The beta of a portfolio is often used to hedge it against the market. We did a brief intro in our post: A Gentle Introduction to Hedging. And previously, we discussed how the Hamming distance can unearth relationships by simplifying the data that we have. Here, we bring the two concepts together.

## Linear-payoffs

CAPM Beta is a glorified linear regression between two return streams. It is useful in the context of linear-payoff portfolios.

For example, a typical long-only fund can use its portfolio beta to measure sensitivity to the market and to hedge against it. A single-stock portfolio with only HDFC in it will exhibit varying beta wrt different markets.

If you are after a linear-payoff (long stocks or futures outright,) beta can be a useful metric to track.

## Convex-payoffs

Betas are useless if you are trying to hedge or analyze a portfolio with convex payoffs. Like, say, an options portfolio. Here, you care more about up/down days over an index. This is where Hamming distances are useful.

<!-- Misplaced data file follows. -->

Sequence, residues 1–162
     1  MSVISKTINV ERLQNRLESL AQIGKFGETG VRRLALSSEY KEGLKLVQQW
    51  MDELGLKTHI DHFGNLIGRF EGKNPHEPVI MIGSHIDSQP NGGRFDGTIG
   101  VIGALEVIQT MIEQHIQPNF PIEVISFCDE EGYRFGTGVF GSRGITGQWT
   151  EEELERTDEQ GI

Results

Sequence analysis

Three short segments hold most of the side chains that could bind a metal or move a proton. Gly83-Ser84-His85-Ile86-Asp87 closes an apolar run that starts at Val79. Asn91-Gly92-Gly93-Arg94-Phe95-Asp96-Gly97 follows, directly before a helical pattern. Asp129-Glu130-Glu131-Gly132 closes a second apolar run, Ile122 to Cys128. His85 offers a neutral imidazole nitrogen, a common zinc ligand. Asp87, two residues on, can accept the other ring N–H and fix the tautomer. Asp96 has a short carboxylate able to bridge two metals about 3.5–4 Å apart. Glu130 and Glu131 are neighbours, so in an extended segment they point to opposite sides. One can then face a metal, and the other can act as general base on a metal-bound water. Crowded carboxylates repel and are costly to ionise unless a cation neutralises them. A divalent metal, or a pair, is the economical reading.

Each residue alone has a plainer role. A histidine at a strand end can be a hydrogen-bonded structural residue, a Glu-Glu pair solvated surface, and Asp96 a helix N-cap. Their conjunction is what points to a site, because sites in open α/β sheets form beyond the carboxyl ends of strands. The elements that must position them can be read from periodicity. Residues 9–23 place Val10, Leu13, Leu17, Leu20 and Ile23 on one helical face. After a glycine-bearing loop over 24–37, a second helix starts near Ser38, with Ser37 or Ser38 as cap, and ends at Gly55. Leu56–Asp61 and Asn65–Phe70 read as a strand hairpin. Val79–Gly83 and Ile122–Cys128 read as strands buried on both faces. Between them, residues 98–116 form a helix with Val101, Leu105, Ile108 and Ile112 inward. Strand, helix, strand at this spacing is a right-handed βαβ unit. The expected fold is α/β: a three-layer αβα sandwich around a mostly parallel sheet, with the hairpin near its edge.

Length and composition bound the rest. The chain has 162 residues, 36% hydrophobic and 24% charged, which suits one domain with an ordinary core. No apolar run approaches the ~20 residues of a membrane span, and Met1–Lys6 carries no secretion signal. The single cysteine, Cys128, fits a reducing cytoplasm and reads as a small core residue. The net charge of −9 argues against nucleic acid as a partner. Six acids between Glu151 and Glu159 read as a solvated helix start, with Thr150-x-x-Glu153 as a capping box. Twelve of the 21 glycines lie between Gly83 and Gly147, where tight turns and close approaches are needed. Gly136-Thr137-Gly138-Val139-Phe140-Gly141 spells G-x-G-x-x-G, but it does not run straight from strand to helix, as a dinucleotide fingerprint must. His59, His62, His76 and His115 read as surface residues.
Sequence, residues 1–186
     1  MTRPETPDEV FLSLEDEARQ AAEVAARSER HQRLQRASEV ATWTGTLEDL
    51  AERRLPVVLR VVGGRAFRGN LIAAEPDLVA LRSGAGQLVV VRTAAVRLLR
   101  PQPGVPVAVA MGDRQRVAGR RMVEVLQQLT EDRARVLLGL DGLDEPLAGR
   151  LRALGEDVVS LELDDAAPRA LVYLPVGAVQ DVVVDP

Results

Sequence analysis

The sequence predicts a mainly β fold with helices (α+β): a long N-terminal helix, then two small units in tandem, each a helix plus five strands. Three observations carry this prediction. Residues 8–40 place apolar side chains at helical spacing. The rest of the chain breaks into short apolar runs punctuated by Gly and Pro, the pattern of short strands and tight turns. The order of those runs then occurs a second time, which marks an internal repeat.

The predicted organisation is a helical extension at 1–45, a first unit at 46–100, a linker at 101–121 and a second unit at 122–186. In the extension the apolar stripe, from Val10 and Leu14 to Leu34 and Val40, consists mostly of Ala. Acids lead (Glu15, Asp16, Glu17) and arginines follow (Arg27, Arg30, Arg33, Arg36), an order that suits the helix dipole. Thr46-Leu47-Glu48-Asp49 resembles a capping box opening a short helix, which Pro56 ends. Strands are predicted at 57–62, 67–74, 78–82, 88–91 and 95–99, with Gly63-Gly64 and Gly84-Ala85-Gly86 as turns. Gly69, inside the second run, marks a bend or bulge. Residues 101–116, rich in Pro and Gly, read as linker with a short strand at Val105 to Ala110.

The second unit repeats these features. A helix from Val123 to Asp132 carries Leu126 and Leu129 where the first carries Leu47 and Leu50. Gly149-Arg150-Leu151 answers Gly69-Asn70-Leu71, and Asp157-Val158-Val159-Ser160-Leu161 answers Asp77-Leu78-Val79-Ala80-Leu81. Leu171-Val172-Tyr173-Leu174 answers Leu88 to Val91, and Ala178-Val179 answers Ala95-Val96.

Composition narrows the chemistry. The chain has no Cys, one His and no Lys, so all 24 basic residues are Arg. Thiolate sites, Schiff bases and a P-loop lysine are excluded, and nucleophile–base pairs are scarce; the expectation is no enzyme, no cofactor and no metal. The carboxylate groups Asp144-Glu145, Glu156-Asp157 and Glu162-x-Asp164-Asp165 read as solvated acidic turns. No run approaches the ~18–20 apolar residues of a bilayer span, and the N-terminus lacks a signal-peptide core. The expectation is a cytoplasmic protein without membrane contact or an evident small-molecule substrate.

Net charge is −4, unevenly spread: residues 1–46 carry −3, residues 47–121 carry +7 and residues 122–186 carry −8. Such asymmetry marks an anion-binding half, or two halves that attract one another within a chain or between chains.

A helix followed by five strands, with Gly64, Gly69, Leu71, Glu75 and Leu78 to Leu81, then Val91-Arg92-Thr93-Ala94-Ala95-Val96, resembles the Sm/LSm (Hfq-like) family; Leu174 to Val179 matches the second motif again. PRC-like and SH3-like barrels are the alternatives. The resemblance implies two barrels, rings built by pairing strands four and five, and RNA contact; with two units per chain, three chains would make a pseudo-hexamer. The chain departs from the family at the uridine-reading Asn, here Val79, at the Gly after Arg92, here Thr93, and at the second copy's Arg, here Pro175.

A Hamming distance of 70 over a 250-day return stream means that by flipping the direction of just a third of the sample, the up/down series will equalize.

In our HDFC-only single-stock portfolio example above, we see that its beta over NIFTY/BANK-NIFTY is vastly different whereas its Hamming distances closely track each other. This behavior can be used to construct trades that go beyond being long-only equity.

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